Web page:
Template syntax

definition: An evoque template is either
(a) a textual file or
(b) a string in memory or
(c) a begin/end delineated block in a textual file or a string,
each optionally containing additional evoque-specific markup.

Entire template syntax at a glance

$$ -> escape, replaced with $
${expr} -> substitution, like %(expr)s
${expr!format} -> substitution, like %(expr)format

$if{expr} … $elif{expr} … $else … $fi
$for{item in items} … $else … $rof
$begin{label} … $end{label}
$prefer{raw=False, data=None, quoting=None, filters=None}
$evoque{name, src=None, collection=None, raw=False,
quoting=None, input_encoding=None, filters=None, **kw}
$overlay{name, src=None, collection=None, space=”positive”}

#[ template comment: single-line, multi-line, nested ]#
${ expr # python single-line comment }

either “{” and “}” or “{%” and “%}”, liberally interchangeable

“\” at end-of-line consumes the following newline

built-in callables
${evoque(name, **kw)}



Expressions have the form ${expr !format} where the “!format
is optional, and defaults to “!s”, i.e. default string rendering. The possible
values for format are whatever is allowed by the
string formating operations
The expr itself may be any valid python expression, that will be evaluated
within the passed context (that may optionally be restricted). For example, the
trivial template:

<p>${amount} ${amount!.2f}</p>

will produce the following output when rendered with

<p>0.333333333333 0.33</p>


Directives have the form $directive{expr}.
Syntactically they are same as an expression but have an additional
qualifying keyword
inserted between the $ and the opening {.
See dedicated discussion on directives in general and for each
directive in the directives section.

Literals: “$”, “{“, “}”, “!”, “\”

A literal “$” must always be escaped.
A single “$” always signals the beginning of a substitution or a directive,
e.g $expr has no specific meaning for Evoque and will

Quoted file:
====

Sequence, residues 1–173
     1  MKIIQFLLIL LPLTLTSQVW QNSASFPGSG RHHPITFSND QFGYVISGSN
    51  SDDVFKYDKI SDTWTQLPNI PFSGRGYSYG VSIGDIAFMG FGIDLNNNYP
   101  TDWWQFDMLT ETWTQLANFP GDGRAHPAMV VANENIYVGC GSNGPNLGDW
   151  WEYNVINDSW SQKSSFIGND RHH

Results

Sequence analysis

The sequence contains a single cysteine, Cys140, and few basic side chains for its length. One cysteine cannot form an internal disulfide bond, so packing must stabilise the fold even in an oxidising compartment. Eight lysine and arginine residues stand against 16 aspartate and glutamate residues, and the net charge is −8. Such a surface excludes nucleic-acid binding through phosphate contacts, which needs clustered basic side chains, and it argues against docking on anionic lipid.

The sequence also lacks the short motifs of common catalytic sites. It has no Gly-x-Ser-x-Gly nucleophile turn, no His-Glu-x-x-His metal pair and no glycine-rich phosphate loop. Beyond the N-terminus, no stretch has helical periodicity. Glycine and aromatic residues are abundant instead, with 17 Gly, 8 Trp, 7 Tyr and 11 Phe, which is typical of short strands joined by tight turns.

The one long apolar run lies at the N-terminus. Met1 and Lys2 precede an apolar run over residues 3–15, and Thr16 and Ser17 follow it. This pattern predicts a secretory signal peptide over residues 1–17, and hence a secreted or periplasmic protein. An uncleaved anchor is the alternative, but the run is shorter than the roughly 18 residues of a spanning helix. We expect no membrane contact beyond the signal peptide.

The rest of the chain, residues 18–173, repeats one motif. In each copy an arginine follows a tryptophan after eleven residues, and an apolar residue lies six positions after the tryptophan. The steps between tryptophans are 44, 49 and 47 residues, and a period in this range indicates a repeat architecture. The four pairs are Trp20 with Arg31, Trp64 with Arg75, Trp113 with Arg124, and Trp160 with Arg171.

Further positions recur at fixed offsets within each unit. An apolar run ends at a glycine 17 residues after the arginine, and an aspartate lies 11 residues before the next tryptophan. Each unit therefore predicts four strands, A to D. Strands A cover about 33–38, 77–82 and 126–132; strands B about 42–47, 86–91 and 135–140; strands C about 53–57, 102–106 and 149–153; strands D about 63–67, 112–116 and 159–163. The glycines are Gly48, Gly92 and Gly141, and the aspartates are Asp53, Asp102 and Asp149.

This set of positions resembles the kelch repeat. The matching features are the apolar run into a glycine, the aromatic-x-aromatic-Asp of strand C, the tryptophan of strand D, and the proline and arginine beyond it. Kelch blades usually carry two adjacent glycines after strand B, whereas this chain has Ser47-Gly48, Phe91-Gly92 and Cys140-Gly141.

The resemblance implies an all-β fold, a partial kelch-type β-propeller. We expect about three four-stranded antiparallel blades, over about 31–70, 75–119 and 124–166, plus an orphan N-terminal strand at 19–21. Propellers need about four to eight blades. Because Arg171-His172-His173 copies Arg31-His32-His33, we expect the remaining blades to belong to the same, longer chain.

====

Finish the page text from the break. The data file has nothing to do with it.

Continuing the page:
give a SyntaxError
(the “$” used to delineate any expanded svn keywords are exempted from this).
Should always use either $$expr or ${expr} instead,
depending on what is desired.

A literal “\” at end of a line slurps the newline character but
a literal “\” followed by white space (only) until the first newline
character is put out as is but without the white space, i.e.
"\   \n"

All other literals within the text are never escaped.

Within an expression it is sometimes necessary to use literal braces
e.g. to specify a dict value in place, such as key={"a":1},
or a literal piece of CSS such as "tag.class{display:inline}".
The alternative “{%” and “%}” expression delimeters are provided
to comfortably allow for this.


A “\” at end-of-line consumes the following newline, providing a basic
whitespace control. In addition to this, the
slurpy_directives=True on domain or on
each collection will
consume all (non-newline) leading and trailing whitespace
on the same line plus — only on the left side — the initial newline.

In addition, all leading or trailing whitespace
within expressions, i.e. between the curly braces,
even if multi-line, is always ignored.


Single or multi line comments are delineated with
#[ and ]#,
respectively. For the convenience of easily commenting out
a template section (even if that section itself already
contains comments) comments may be nested. This however
necessitates a minimum syntax to be respected, namely that
comment openings and closing are balanced.

Built-in callables

Any callable set on the evaluation context, either with
domain.set_on_globals() or by setting it on a
locals dict that is then passed as a parameter to
may be called as an expression, e.g.
Evoque provides the following built-in callables.


Pretty prints an overview of the evaluation namespace,
namely the context’s globals/locals and the template’s
expressions needing evaluation.
When output is set to False, the output is written
to domain.log.info() instead of rendered as
part of the template output.

The output of inspect() is of course escaped as per the
quoting setting of the template. However, templates should normally also
wrap this call into an appropriate markup container
e.g. wrap in a <div class="code"> element
if calling from an HTML context.

evoque(name, **kw)

This is perfectly equivalent to the directive form of
$evoque{name, **kw}.
The difference is that in the callable variation
it is possible to intercept the output and
process it further via any other callable —
but note that it is recommended that such
processing be specified via the filters
template parameter.